AU - Choi, Emily

AU - Bray, Paul

AU - Newby, L. Kristin

AU - Goldstein, Larry B.

AU - Simpkins, James

PY - 2006/9

Y1 - 2006/9

N2 - BACKGROUND AND PURPOSE - Women have poorer outcomes from stroke than men. Women also have risk factors that are unique, including pregnancy and hormone therapy. Hormone therapy for postmenopausal replacement increased the risk of ischemic stroke according to results of the Women's Health Initiative clinical trials. Based on the current understanding of the mechanisms of action of estrogen, the reasons for this increased risk are uncertain. One method to better understand the reasons for this increased risk is to re-evaluate estrogen's role in the neurovascular unit, simplistically comprised of the neurons, glia, and endothelial cells, as well as the processes of inflammation, and hemostasis/thrombosis. Besides the role of estrogen there are many gaps of knowledge about issues specific to women and stroke. SUMMARY OF REVIEW - A multidisciplinary workshop was held in August 2005 to summarize the current evidence for estrogen and, more generally, stroke in women, and to provide recommendations for future basic, preclinical, and clinical research studies. CONCLUSIONS - These studies may ultimately change the approach to stroke prevention and treatment in women.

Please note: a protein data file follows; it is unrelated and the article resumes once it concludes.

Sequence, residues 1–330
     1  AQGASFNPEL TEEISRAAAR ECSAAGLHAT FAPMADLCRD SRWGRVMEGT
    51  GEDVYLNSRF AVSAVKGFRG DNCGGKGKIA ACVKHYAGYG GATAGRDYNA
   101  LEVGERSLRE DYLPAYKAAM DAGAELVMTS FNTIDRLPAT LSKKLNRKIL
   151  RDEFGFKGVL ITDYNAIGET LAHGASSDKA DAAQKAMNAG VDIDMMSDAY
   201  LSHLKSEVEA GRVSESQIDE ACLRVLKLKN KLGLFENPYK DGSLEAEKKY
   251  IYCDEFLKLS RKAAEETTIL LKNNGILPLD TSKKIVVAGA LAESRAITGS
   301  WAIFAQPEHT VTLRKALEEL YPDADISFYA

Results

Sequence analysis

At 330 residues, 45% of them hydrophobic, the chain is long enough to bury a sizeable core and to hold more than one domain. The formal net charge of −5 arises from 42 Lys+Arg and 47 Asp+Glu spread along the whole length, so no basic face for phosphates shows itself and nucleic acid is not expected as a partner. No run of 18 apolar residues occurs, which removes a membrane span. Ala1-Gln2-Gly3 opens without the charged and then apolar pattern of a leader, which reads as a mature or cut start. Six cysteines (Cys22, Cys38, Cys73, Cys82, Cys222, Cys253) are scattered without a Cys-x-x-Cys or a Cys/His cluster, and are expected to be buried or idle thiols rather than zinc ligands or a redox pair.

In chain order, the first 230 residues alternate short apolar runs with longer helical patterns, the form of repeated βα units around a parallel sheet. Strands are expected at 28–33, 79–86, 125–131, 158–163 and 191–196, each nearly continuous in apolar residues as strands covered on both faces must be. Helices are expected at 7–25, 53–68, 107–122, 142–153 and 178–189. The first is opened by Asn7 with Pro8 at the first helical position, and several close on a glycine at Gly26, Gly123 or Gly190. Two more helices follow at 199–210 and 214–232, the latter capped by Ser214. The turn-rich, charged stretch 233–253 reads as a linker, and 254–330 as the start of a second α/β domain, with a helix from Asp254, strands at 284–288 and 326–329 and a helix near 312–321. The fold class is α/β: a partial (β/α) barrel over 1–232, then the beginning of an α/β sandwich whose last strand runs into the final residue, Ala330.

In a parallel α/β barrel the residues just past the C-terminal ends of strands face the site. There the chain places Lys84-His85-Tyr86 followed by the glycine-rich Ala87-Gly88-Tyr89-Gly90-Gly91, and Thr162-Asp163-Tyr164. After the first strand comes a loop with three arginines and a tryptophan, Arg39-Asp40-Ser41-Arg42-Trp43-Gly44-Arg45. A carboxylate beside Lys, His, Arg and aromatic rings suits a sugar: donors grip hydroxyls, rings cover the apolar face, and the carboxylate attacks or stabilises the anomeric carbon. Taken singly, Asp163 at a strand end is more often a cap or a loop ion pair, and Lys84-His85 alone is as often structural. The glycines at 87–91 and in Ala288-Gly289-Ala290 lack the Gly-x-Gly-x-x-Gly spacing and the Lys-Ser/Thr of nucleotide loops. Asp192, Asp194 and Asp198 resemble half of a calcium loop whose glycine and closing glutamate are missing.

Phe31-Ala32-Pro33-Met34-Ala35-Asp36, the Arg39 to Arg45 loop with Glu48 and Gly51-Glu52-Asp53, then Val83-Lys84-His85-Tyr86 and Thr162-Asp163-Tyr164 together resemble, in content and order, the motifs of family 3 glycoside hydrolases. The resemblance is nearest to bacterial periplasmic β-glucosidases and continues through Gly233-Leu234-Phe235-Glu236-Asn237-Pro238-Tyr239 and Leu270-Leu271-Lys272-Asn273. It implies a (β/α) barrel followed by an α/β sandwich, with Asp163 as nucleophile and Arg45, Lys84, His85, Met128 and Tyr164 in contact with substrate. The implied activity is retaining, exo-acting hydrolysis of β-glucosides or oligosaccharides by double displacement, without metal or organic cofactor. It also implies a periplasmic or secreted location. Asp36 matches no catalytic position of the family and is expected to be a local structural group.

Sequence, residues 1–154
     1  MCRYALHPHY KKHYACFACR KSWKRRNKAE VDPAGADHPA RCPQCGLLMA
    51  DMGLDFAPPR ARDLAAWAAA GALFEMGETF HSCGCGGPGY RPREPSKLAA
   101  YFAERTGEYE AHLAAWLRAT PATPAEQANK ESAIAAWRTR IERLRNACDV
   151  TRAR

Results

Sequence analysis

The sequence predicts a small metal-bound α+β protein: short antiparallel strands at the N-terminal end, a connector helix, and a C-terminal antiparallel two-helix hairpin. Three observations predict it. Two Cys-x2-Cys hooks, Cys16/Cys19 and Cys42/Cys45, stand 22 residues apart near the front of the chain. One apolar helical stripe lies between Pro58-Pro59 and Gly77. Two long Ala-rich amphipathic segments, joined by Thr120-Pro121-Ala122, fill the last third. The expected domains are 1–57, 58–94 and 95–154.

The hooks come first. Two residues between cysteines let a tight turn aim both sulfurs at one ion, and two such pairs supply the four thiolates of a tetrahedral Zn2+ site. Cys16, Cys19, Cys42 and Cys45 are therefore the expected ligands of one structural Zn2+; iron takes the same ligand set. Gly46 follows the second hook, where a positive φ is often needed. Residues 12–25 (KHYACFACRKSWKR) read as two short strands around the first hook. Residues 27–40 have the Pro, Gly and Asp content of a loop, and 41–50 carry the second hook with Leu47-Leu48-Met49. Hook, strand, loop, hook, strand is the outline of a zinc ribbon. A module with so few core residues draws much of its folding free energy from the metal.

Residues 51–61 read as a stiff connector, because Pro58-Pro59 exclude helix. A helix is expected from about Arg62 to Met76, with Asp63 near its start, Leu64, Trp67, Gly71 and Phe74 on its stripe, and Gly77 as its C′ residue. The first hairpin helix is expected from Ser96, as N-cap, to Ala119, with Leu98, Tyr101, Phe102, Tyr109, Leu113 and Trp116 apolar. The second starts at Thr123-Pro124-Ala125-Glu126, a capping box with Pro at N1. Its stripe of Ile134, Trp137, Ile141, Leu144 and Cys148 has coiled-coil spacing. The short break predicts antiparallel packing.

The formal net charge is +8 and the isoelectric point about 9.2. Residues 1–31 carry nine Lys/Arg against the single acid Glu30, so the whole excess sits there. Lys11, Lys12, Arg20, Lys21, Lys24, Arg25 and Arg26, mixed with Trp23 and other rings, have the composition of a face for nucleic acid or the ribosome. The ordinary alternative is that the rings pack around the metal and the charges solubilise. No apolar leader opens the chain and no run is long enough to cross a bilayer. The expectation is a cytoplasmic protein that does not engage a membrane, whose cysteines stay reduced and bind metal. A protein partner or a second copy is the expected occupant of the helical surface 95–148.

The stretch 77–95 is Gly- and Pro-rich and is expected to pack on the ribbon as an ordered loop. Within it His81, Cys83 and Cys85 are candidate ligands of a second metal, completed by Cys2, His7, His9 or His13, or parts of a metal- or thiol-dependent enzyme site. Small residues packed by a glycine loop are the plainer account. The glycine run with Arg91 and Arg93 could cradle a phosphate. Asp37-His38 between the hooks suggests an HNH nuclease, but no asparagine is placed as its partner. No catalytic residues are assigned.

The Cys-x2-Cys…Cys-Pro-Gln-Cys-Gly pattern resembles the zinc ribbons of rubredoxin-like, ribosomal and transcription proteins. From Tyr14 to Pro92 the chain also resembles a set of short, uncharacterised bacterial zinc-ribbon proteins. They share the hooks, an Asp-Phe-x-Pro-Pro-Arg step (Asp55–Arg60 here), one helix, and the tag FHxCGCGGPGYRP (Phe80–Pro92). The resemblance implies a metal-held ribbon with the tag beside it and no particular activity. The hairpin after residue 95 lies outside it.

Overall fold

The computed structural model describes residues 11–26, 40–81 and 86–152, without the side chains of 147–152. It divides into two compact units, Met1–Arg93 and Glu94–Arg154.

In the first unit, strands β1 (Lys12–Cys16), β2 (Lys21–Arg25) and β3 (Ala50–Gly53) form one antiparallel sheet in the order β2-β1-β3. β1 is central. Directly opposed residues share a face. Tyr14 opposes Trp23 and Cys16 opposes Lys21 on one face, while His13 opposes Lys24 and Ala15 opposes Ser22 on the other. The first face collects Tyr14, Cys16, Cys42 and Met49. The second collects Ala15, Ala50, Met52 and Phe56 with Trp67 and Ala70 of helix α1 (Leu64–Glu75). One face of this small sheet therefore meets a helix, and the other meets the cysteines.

AB - BACKGROUND AND PURPOSE - Women have poorer outcomes from stroke than men. Women also have risk factors that are unique, including pregnancy and hormone therapy. Hormone therapy for postmenopausal replacement increased the risk of ischemic stroke according to results of the Women's Health Initiative clinical trials. Based on the current understanding of the mechanisms of action of estrogen, the reasons for this increased risk are uncertain. One method to better understand the reasons for this increased risk is to re-evaluate estrogen's role in the neurovascular unit, simplistically comprised of the neurons, glia, and endothelial cells, as well as the processes of inflammation, and hemostasis/thrombosis. Besides the role of estrogen there are many gaps of knowledge about issues specific to women and stroke. SUMMARY OF REVIEW - A multidisciplinary workshop was held in August 2005 to summarize the current evidence for estrogen and, more generally, stroke in women, and to provide recommendations for future basic, preclinical, and clinical research studies. CONCLUSIONS - These studies may ultimately change the approach to stroke prevention and treatment in women.

KW - Estrogen

KW - Minority groups

KW - Stroke

KW - Women

UR - http://www.scopus.com/inward/record.url?scp=33748355616&partnerID=8YFLogxK

UR - http://www.scopus.com/inward/citedby.url?scp=33748355616&partnerID=8YFLogxK

U2 - 10.1161/01.STR.0000236053.37695.15

DO - 10.1161/01.STR.0000236053.37695.15

M3 - Article

C2 - 16857945

AN - SCOPUS:33748355616

VL - 37

SP - 2387

EP - 2399

JO - Stroke

JF - Stroke

SN - 0039-2499

IS - 9

ER -